Especially after 1 year, patients receiving hemodialysis tend to rate their chances of survival higher than their nephrologists do, reports a study in JAMA Internal Medicine.
Using medical records data and validated prognostic tools, the researchers identified 150 hemodialysis patients (out of a group of 207) with predicted 1-year mortality of at least 20 percent. The patients and their nephrologists were then interviewed regarding their expectations for survival. The patients’ and physicians’ perceptions of the prognosis and likelihood of transplantation were compared with each other and with actual survival.
The analysis included interviews with 62 of 80 eligible patients. Eighty-one percent of patients believed they had at least a 90 percent chance of being alive 1 year later. By contrast, nephrologists estimated that only 25 percent of patients stood a 90 percent chance of surviving for 1 year.
Just 6 percent of patients said they had less than a 50 percent chance of surviving for 5 years, whereas nephrologists rated the chances of 5-year survival at less than 40 percent for 56 percent of patients. Sixty-six percent of patients believed they were candidates for kidney transplantation, whereas nephrologists thought so for only 39 percent.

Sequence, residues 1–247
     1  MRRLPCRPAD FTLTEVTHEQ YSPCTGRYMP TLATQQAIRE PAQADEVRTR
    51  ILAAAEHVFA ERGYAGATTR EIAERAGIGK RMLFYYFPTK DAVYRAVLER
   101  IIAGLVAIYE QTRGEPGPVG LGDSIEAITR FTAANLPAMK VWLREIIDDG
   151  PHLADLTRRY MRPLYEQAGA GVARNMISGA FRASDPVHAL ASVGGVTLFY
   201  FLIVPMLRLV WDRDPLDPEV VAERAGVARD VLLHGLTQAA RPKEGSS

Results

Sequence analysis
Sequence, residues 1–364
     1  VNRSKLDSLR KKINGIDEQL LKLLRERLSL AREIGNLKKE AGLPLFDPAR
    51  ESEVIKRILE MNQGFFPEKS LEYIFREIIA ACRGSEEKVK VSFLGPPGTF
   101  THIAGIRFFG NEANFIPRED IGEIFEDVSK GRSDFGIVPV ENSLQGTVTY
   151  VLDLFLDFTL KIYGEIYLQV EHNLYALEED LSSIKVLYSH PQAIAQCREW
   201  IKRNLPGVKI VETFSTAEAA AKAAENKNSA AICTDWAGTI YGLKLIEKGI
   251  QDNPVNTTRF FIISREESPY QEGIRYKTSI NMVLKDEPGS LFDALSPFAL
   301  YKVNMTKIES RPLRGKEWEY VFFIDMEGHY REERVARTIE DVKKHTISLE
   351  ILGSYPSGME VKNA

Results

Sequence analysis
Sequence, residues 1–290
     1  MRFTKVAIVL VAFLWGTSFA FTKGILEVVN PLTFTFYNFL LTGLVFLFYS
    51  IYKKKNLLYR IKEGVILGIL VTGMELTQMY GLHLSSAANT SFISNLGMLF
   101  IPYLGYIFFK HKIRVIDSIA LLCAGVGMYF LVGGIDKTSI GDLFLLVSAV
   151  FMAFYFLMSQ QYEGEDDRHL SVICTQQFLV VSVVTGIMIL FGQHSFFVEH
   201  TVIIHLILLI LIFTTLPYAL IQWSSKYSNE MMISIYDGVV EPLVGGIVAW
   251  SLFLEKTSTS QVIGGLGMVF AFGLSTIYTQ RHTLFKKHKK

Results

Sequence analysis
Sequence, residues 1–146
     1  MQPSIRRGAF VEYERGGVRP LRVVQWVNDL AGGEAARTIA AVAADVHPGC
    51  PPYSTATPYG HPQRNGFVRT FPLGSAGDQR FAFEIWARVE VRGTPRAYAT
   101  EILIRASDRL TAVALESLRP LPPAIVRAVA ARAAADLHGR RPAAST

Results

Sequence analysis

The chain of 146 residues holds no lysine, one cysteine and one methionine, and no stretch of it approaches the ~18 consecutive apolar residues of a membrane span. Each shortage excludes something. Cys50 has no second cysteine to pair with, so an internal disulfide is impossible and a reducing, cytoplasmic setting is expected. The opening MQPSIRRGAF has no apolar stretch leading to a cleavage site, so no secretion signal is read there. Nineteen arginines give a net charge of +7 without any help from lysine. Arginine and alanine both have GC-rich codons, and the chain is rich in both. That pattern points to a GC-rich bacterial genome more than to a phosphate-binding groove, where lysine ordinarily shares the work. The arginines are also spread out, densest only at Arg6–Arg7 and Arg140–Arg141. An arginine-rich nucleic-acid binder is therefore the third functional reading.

None of the patients reported discussing their estimated life expectancy with their nephrologists. Of patients who expected to survive for 1 year, only 44 percent said they would want life-extending treatments if it meant increased discomfort. Actual survival was 93 percent at 1 year but dropped sharply with longer follow-up times: to 79 percent at 17 months and 56 percent at 23 months.
The mortality risk for hemodialysis patients exceeds 20 percent per year, a risk similar to that for some types of cancer. Studies have shown that cancer patients overestimate their chances of survival.
The new study suggests that the same is true of hemodialysis patients. Although patients’ estimates of 1-year survival are accurate, their expectations of longer-term survival are much higher than their nephrologists’ predictions. The researchers call for “interventions to help providers communicate effectively with patients about prognosis” [Wachterman MW, et al. Relationship between the prognostic expectations of seriously ill patients undergoing hemodialysis and their nephrologists. JAMA Intern Med 2013; 173:1206–1214].